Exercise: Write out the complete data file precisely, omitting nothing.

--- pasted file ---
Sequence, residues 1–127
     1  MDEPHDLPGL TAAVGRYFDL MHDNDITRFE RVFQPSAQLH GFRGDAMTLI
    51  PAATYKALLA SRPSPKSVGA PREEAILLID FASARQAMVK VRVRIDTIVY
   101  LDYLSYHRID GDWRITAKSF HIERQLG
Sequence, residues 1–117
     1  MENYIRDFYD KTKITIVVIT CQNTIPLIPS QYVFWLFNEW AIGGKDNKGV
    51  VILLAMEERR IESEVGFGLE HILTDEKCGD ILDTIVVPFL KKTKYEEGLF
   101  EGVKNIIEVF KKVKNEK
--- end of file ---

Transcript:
Sequence, residues 1–127
     1  MDEPHDLPGL TAAVGRYFDL MHDNDITRFE RVFQPSAQLH GFRGDAMTLI
    51  PAATYKALLA SRPSPKSVGA PREEAILLID FASARQAMVK VRVRIDTIVY
   101  LDYLSYHRID GDWRITAKSF HIERQLG
Sequence, residues 1–117
     1  MENYIRDFYD KTKITIVVIT CQNTIPLIPS QYVFWLFNEW AIGGKDNKGV
    51  VILLAMEERR IESEVGFGLE HILTDEKCGD ILDTIVVPFL KKTKYEEGLF
   101  EGVKNIIEVF KKVKNEK